Does Sephora body butter attract spiders?

A lotion sold at Sephora stores is getting an unusual amount of attention online, but for a reason which might not please the brand's marketers: customers have come to believe that it attracts spiders, and are even posting the results of experiments designed to confirm or falsify the claim.

"Can anyone who's used the sol de janeiro wolf spider cream please come forward with your results," asks one user on Reddit, attracting hundreds of likes and dozens of comments. (Note that the product, Sol De Janeino Body Butter, is not literally called "wolf spider cream")

The $22-a-tub cream is not, to be clear, marketed in any way as an arachnid attractant. Sephora describes it thus:

What it is: A rich, whipped body butter that locks in deep moisture while repairing the skin's protective barrier and calming redness.

Skin Type: Normal, Dry, and Combination

Skincare Concerns: Dryness, Redness, and Dullness

Fragrance Family: Warm & Spicy

And here's the ingredients list, as disclosed on the company's website–notably lacking the acetates some assume to be the problem.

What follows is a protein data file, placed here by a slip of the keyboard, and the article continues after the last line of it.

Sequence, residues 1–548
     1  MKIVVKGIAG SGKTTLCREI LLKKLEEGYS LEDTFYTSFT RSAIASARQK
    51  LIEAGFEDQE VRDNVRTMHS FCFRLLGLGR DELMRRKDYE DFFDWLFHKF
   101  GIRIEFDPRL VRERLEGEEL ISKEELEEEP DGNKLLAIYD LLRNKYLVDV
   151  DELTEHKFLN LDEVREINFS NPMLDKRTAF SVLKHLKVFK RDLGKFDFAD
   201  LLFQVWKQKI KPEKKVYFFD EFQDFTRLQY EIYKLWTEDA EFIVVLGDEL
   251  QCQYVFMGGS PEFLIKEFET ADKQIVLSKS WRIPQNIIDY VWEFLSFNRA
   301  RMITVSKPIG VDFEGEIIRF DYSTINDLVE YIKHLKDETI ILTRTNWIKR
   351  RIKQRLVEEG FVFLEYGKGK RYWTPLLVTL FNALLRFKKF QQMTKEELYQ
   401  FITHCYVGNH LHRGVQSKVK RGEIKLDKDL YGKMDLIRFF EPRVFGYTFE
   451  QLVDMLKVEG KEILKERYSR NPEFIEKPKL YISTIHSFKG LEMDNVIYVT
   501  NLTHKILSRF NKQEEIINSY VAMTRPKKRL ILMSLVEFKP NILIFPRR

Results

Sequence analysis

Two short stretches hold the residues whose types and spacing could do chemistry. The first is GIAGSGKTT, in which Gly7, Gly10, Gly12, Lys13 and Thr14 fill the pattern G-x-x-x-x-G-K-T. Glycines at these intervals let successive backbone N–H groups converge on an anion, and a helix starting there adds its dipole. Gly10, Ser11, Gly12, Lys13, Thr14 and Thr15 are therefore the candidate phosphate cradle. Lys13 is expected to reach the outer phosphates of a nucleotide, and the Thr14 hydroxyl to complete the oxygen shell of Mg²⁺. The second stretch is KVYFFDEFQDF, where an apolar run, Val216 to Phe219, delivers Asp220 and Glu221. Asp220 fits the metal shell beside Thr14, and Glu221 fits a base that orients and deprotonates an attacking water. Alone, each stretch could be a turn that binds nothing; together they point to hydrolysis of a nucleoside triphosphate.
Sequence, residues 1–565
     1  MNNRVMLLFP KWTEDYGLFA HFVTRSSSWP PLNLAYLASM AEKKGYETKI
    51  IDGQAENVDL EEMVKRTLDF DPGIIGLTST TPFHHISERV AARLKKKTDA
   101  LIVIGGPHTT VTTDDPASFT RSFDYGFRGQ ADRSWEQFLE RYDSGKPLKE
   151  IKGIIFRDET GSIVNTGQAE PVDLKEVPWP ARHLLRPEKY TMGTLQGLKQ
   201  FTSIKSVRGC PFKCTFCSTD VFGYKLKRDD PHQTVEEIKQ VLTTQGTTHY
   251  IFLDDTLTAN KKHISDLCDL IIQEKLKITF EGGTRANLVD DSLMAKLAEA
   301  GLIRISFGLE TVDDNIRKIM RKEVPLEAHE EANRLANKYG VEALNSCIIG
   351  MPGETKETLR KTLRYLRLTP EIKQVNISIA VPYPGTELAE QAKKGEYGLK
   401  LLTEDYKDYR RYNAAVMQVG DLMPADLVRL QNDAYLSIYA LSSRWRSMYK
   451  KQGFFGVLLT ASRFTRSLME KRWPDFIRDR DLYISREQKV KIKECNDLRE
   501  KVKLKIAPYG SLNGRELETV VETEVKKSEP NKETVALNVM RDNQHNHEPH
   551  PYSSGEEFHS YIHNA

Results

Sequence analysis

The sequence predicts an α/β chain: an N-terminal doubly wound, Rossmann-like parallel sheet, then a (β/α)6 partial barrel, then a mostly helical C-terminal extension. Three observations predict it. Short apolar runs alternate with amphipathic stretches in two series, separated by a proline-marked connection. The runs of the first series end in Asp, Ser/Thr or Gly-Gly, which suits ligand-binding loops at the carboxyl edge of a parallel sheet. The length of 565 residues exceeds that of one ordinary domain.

Aqua (Water, Eau), Butyrospermum Parkii (Shea) Butter, Cocos Nucifera (Coconut) Oil, Ethylhexyl Palmitate, Parfum (Fragrance), Methyl Glucose Sesquistearate, Glyceryl Stearate Se, Lauryl Laurate, Glycerin, Myristyl Myristate, Hydrolyzed Sodium Hyaluronate (Hyaluronic Acid), Lactobacillus/Hibiscus Sabdariffa Flower Ferment Filtrate (Prebiotic Hibiscus), Copaifera Officinalis (Balsam Copaiba) Resin, Passiflora Edulis (Passionflower) Seed Oil, Platonia Insignis (Bacuri) Seed Butter, Theobroma Grandiflorum (Cupuaçu) Seed Butter, Squalane, Tocopherol, Bixa Orellana (Achiote) Seed Extract, Cetearyl Alcohol, Behenyl Alcohol, Caprylic/Capric Triglyceride, Phenyl Trimethicone, Maltodextrin, Cetearyl Olivate, Sorbitan Olivate, Sodium Stearoyl Glutamate, Potassium Cetyl Phosphate, Sodium Gluconate, Ethylhexylglycerin, Phenoxyethanol, Butylene Glycol, Carbomer, Potassium Hydroxide, Sodium Hydroxide, Annatto (Ci 75120), Alpha-Isomethyl Ionone, Hydroxycitronellal.

On Twitter, one Samantha Ruddy found the original source of the claim, a user review published by Sephora itself.

"When I put it on instantly one will come out. Normally I'll see one every like 3 years, used this and it was every day. I stopped using it and haven't seen one since…. oh and one time, the spider wanted to eat whatever ingredient it is so bad that it chased me."

UPDATE: BB contributor Jennifer Sandlin noticed that another Twitter user found that the same commenter has previously made similar claims about another product and may, therefore, be trolling. Perhaps there's a lesson here for Sephora about the wisdom of publishing unmoderated engagement-bait "incentivized" product reviews .